Kingdom:
Plantae
Division: Magnoliophyta
Class: Magnoliopsida
Order: Cornales
Species: A. chinense

Habitat :E. Asia – India to C. China .  Upland thickets in W. China. Open places around villages at elevations of 300 – 2400 metres in Nepal.Woodland Garden; Secondary;

Description:-
An evergreen Small deciduous tree, growing to 8m at a slow rate.  Leaves alternate, asymmetrical, ovate, entire or with shallowed pointed lobes, 8-25 cm long, 4.5-16 cm wide, dark green, glabrous or with scatered hairs above, lighter beneath with axillary tufts of hairs along nerves. Apex pointed, base oblique and truncate. Petiole reddish. Flowers in axillary cymes, slightly fragant, about 2 cm long, in July-August. 6-7 white petals, reflexed and sometimes cohered. Conspicuous orange anthers. Fruit ovoid, black

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It is hardy to zone 9. It is in leaf all year, in flower from June to July, and the seeds ripen from August to November. The flowers are hermaphrodite (have both male and female organs) and are pollinated by Insects.
The plant prefers light (sandy), medium (loamy) and heavy (clay) soils and requires well-drained soil. The plant prefers acid, neutral and basic (alkaline) soils. It cannot grow in the shade. It requires moist soil.

Cultivation :
Succeeds in any moderately fertile well-drained soil[200]. Requires full sun and a sheltered position[200]. Not very frost tolerant,  this species is likely to be on the borderlines of hardiness even if obtained from its higher provenances . However, although the top growth will be killed back in all but the mildest winters, the plant will usually resprout from the base in the spring and will usually flower in the summer.  These flowers are sweetly scented. This species is closely related to A. platinifolium. Although a fair sized tree in its native habitat, it is unlikely to make more than a shrub more than 2 metres tall in Britain. It does not require pruning.

Propagation:-
Seed – we have no details for this species but suggest sowing the seed in a greenhouse in the spring. When large enough to handle, prick the seedlings out into individual pots and grow them on in the greenhouse for at least their first winter. Plant them out in early summer and consider giving them some protection from the cold for their first winter outdoors. Cuttings of half-ripe wood, July/August in sand in a frame

Medicinal Actions & Uses:-
Blood tonic; Carminative; Contraceptive.

This plant is commonly used in Chinese herbalism, where it is considered to be one of the 50 fundamental herbs. And, it is used to treat snakebite, used as a carminative. Moreover, it is used to increase circulation, as a contraceptive and a “hemostat”, to treat numbness, rheumatism, and wounds. The roots and the stems are a blood tonic, carminative and contraceptive. They are used in the treatment of rheumatism, numbness, traumatic injuries, wounds and snakebites. A decoction of the leafy shoots is said to be tonic. A paste of the roots is applied to the area around dislocated bones to help them setting. The shoot, rootbark and whole plant are all used medicinally.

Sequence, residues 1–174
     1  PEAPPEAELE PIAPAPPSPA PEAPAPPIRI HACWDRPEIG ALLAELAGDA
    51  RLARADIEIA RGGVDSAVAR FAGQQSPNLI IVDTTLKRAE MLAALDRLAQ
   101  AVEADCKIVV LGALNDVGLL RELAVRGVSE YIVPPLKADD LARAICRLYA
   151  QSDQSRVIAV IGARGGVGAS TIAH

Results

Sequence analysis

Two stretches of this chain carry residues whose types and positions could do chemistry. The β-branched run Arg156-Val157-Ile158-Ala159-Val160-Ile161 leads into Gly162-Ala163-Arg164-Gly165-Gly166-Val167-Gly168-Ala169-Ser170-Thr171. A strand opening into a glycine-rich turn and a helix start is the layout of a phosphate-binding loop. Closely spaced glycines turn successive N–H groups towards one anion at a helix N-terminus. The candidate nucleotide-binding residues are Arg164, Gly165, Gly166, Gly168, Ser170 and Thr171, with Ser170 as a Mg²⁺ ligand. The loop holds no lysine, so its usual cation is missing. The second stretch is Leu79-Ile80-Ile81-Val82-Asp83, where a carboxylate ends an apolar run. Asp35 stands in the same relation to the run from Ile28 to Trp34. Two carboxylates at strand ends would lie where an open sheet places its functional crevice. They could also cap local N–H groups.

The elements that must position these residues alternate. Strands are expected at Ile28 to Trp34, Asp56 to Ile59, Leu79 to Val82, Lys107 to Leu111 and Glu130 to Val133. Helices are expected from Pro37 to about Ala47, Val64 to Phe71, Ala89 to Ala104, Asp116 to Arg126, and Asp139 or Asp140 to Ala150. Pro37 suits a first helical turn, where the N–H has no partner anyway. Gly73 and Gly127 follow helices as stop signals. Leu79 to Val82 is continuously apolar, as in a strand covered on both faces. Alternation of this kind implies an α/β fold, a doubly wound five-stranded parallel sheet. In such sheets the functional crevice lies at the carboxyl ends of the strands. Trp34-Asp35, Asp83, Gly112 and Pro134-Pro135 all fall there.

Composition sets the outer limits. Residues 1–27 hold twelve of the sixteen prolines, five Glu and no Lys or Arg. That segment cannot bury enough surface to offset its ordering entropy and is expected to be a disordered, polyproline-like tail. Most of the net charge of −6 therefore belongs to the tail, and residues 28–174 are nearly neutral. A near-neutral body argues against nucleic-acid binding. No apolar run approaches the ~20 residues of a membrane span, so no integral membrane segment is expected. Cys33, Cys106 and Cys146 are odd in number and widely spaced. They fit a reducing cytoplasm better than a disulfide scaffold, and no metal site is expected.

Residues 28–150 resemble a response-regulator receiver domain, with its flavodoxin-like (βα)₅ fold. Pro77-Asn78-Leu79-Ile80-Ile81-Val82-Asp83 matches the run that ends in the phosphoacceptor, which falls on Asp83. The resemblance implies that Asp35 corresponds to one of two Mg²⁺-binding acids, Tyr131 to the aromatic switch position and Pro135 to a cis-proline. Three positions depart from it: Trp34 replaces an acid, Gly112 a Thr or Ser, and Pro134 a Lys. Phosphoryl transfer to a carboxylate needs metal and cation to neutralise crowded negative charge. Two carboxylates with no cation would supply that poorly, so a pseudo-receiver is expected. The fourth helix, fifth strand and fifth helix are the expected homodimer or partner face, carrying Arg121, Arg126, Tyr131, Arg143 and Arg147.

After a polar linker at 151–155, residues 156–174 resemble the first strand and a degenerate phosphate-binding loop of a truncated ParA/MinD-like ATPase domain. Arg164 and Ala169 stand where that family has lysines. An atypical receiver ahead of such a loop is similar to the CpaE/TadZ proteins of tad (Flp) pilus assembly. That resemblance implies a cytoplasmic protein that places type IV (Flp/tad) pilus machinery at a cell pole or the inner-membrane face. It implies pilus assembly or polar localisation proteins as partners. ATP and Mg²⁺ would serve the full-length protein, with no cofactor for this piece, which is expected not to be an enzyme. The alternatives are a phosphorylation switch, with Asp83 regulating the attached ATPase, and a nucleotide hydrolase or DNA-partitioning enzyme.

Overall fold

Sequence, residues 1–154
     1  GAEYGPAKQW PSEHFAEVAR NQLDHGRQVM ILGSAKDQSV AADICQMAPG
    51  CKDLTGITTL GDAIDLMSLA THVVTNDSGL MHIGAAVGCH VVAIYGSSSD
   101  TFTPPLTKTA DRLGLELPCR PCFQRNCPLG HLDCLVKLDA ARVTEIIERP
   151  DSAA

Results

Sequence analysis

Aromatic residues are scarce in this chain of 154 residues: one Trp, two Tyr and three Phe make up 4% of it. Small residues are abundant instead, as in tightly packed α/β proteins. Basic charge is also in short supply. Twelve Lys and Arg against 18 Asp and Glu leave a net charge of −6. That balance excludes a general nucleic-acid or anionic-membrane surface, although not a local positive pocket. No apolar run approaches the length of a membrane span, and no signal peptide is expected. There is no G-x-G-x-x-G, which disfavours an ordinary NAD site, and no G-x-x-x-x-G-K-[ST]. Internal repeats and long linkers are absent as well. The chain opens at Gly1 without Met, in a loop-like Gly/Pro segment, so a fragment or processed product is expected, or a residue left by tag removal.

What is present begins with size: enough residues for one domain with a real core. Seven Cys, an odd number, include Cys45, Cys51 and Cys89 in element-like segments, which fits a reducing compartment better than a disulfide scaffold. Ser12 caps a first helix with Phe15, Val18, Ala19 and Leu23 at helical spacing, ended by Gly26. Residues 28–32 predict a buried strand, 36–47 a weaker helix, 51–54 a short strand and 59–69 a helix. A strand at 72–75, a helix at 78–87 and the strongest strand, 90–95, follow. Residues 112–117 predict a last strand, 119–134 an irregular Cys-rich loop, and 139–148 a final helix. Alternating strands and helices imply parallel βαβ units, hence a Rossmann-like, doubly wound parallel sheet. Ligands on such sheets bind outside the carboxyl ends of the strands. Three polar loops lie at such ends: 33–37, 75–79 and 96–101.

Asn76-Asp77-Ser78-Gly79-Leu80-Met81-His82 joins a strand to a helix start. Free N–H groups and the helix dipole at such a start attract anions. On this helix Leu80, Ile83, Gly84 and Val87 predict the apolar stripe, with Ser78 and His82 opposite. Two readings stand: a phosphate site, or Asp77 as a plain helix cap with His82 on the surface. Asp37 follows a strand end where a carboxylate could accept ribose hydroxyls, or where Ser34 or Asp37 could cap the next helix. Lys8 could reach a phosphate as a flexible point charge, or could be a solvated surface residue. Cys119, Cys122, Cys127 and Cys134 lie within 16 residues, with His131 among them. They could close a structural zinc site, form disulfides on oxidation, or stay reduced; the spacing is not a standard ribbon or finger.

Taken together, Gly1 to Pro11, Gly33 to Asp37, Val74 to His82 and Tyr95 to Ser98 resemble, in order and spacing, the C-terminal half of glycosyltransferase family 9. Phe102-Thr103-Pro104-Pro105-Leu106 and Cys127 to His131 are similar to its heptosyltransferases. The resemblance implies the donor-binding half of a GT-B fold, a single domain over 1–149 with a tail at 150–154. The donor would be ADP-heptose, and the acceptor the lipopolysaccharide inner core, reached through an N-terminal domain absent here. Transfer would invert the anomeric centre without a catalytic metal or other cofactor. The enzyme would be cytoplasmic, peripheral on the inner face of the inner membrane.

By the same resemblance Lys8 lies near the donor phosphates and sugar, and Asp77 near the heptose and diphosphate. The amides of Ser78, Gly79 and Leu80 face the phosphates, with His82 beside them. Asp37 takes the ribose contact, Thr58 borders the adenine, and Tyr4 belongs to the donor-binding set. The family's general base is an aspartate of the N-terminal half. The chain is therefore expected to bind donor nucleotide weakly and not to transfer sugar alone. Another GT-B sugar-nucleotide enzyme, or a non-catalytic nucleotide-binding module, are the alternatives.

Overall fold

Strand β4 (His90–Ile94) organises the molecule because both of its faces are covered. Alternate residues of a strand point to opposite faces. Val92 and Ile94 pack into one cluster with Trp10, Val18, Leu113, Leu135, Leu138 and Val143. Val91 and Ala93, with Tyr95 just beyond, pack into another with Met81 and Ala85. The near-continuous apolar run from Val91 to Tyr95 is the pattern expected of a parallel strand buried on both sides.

Disclaimer:The information presented herein is intended for educational purposes only. Individual results may vary, and before using any supplements, it is always advisable to consult with your own health care provider.

Other Uses:-
Oil.

An oil extracted from the seeds is used for lighting lamps.

Scented Plants
Flowers: Fresh
The small white flowers are sweetly scented.

Resources:
http://www.pfaf.org/database/plants.php?Alangium+chinense
http://www.biologie.uni-ulm.de/systax/dendrologie/Alangchifw.htm
http://en.wikipedia.org/wiki/Alangium_chinense
http://www.metafro.be/prelude/prelude_pic/Alangium_chinense4.jpg

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Categories
News on Health & Science

Web Addiction a ‘Clinical Disorder’

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China could become the first country to classify internet addiction as a clinical disorder amid growing concern over compulsive web use by millions of Chinese, state media said 

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The health ministry is likely to adopt a new manual on Internet addiction next year drawn up by Chinese psychologists that recognises it as a condition similar to compulsive gambling or alcohol addiction, the China Daily reported.

It cited psychologists involved in drafting the diagnostic manual.

China has the world’s largest online population at 253 million people, according to official figures, and is growing rapidly as computer use rises along with income levels.

But that has also fed growing concerns over compulsive internet use.

A top Chinese legislator said in August that about 10% of China’s web users under the age of 18, or four million people, were addicted to the internet, mainly to “unhealthy” online games, state media said at the time.

Recent research by internet media company InterActiveCorp showed that 42% of Chinese youngsters polled felt “addicted” to the web, compared to 18% in the US. China has tried various measures to regulate the booming online gaming market and curb Web use by teens.

In 2006, it ordered all Chinese internet game manufacturers to install technology in their games that demands players reveal their real name and identification number.

Sources: The Times Of India